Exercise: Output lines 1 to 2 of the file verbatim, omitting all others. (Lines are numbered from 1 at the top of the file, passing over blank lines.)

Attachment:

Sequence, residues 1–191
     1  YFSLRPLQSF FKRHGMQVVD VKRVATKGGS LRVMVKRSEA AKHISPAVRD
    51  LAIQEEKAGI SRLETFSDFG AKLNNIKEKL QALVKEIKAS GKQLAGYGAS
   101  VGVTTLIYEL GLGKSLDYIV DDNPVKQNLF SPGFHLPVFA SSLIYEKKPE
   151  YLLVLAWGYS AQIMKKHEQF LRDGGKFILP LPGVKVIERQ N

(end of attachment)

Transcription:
Sequence, residues 1–191
     1  YFSLRPLQSF FKRHGMQVVD VKRVATKGGS LRVMVKRSEA AKHISPAVRD